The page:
Challenging a Belief

The Use of Heuristics

Heuristic – a mental shortcut that allows people to solve problems and make judgements quickly and efficiently.

To put simply, a heuristic is a mental shortcut we use to answer a difficult question. Many times, in an effort to solve a complex problem, we reduce the problem to a simpler nature – and solve it that way. This is a heuristic. To provide an example of this in health and fitness, observe the following question.

  1. How bad are carbs for weight gain?
  2. How effective have carb reducing effects been on the weight of people around me?

Question 1 is a much harder question to answer because it requires a strong foundation of human physiology. It requires specific segmentation of the question to ‘for who?’, ‘for what?’, ‘what do you mean by bad?’ These are all questions within the question, which then require different answers. The answer becomes long and complex.

Question 2 is a far easier question to answer because it draws on the immediate examples that you know. By thinking about question 2, we might be immediately reminded of carb-free diet books and photos and videos of ‘before and after’ carb-free methodologies. In this process (usually taking place in the form of seconds), we might very quickly conclude that ‘carbs are bad for weight gain.’ Question 2 is an example of a heuristic – a mental shortcut we took to answer a more complex problem (question 1).

In the mental exercise above, we might assume that heuristics can become dysfunctional. So then, what is the function of a heuristic?

Without heuristics, the world can become overwhelmingly complex. If we were to contemplate every single problem presented to us, many of us would be paralysed with indecision, or at the very least, VERY slow to address our problems. It is an essential adaptation to the complexity of existence.

In the context of coaching, having this knowledge is crucial to the influence we have on our clients. We all use heuristics. It is inevitable. However, by recognising a heuristic in our clients, we may be able to address underlying unhelpful beliefs. Remember that a heuristic first begins with a reduction in the question, followed by solving the question with the most convenient story. As coaches, we have to first address the question, before we are able to understand the story, before we are able to challenge the belief.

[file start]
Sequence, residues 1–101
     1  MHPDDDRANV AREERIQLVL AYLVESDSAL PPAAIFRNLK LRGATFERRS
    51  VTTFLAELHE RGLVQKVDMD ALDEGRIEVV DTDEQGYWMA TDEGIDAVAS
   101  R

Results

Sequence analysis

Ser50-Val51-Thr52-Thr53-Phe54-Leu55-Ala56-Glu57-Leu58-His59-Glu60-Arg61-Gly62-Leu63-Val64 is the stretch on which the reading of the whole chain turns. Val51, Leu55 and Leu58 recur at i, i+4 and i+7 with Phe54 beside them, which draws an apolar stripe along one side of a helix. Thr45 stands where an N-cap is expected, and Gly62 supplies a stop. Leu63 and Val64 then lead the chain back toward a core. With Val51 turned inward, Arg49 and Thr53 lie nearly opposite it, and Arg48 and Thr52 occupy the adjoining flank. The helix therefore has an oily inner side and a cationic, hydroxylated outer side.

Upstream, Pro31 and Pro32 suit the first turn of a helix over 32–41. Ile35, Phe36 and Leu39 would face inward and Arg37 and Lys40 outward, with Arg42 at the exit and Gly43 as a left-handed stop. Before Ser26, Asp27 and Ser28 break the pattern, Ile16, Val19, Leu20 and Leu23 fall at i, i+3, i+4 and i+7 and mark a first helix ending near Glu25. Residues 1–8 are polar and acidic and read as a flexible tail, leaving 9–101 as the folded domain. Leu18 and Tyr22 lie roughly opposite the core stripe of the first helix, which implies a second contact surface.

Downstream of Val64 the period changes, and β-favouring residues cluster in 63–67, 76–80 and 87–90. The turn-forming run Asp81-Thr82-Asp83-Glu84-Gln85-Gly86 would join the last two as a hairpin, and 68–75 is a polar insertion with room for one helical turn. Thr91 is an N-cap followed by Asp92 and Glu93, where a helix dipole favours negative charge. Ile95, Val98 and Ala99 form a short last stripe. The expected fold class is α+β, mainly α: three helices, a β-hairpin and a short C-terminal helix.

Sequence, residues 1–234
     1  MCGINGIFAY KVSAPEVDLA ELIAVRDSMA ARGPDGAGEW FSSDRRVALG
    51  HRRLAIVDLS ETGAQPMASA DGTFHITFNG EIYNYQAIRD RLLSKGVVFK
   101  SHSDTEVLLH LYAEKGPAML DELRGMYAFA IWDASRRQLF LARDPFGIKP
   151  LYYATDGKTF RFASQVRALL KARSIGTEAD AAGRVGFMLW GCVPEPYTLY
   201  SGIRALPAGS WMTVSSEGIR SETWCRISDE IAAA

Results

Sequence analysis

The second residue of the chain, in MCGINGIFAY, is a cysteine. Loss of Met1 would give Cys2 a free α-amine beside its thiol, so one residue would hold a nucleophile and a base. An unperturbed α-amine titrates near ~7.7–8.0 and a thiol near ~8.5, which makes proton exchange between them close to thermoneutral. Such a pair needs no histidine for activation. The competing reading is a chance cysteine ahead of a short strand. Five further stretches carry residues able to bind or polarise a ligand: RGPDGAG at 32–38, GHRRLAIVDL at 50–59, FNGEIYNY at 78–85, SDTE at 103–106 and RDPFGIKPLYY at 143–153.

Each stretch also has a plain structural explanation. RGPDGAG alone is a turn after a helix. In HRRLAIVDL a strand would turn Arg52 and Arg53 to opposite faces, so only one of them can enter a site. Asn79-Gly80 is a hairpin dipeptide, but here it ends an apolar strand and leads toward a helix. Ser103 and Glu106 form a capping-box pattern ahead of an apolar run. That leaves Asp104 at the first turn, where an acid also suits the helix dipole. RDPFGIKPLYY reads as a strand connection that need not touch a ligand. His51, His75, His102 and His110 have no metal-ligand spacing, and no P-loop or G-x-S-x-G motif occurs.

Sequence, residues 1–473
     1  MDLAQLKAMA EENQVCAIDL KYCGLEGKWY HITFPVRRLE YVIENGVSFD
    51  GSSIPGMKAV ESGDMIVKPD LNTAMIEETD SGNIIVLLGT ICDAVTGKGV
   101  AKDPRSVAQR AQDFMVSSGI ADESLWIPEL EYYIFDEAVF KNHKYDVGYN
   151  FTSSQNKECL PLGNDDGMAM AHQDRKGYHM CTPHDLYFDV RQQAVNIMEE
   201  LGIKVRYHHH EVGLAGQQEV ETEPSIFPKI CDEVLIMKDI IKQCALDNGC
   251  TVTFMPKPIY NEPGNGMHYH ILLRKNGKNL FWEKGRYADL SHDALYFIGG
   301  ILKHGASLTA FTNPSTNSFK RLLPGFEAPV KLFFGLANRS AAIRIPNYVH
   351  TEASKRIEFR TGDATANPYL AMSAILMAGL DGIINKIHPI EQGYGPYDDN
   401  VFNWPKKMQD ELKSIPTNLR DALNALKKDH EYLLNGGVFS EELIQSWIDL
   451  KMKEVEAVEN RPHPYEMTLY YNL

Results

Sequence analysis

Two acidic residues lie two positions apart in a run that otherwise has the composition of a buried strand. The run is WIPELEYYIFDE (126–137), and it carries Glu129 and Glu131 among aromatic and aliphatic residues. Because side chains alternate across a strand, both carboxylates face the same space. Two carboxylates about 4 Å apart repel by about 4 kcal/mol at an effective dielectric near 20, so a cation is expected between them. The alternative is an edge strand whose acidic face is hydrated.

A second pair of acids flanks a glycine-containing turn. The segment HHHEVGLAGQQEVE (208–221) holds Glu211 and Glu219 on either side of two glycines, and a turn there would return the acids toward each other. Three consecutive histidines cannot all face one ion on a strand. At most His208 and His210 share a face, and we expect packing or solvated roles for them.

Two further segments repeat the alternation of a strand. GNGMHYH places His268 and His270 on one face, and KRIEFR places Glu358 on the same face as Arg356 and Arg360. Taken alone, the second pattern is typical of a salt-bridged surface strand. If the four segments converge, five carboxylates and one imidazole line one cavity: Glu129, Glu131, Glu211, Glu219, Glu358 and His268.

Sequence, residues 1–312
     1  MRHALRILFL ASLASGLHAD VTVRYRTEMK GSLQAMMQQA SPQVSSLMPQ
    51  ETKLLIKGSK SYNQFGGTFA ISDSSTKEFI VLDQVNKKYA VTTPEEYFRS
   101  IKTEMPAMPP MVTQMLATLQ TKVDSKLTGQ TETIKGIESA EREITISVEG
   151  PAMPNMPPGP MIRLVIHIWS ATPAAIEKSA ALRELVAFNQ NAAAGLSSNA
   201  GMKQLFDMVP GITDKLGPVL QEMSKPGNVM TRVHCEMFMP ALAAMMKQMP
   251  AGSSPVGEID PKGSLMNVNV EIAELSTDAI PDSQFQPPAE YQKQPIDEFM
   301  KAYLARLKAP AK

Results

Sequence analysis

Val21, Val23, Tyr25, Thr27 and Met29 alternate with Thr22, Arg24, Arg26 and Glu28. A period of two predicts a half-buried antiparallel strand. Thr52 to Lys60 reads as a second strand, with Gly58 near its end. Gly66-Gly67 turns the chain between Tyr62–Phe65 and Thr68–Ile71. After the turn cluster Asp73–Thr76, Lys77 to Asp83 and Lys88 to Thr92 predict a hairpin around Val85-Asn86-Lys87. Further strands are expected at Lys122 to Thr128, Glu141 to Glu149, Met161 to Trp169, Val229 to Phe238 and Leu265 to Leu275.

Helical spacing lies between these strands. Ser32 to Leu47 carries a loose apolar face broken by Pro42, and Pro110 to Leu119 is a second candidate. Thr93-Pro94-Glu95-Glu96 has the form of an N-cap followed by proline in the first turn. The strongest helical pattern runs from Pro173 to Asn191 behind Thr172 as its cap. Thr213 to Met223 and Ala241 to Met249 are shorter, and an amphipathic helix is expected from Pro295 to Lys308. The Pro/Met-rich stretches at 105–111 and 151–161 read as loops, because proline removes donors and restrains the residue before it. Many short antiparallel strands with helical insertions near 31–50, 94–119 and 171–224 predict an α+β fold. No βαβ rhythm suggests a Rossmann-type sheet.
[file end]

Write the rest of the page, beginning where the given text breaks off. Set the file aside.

For example, a client may believe that weight training will automatically make them bulky. It is not enough for us to say ‘no it won’t’ (even though it’s true). It is more important that we ask ‘what makes you think that?’

In most instances, the answer we will get is ‘all those bodybuilders are so big.’ This is an answer to a reduced question. But, what is the question? The question is something along the lines of this: ‘who or what have I seen lifting weights?’

In this way, we are identifying the question behind their belief. Once the question is understood, we can begin to recalibrate their belief by providing examples that answer their question. In this bodybuilding example, the important fact to recognise is this: if you associated weight training with titans from bodybuilding, you would be foolish to think that weight training doesn’t make you bulky.

Once the question is identified, we must answer it with contrary evidence. In the bodybuilding example, it would likely be ineffective to present scientific articles that contradict their beliefs, because that is not the question. The question is not ‘what scientific papers are available that show me weights won’t make me bulky?’ The question is ‘who have I seen that lift weights?’ Instead, we would have to show them individuals who lift weights who are not bulky.

Once you have done this, the subject will likely be in a state of confusion. Their problem solving strategy cannot address what you’ve shown them. In their minds, this is usually the next logical question.

But what about all the bodybuilders I see? This is then our chance to elaborate why bodybuilders are so big – years of dedication, diet, etc. In most cases, we can then begin to present information that would be closer to the truth.

By recognising a heuristic, we become cognisant of a simplification. By identifying the simplified question, we can understand their belief, and how we can address it.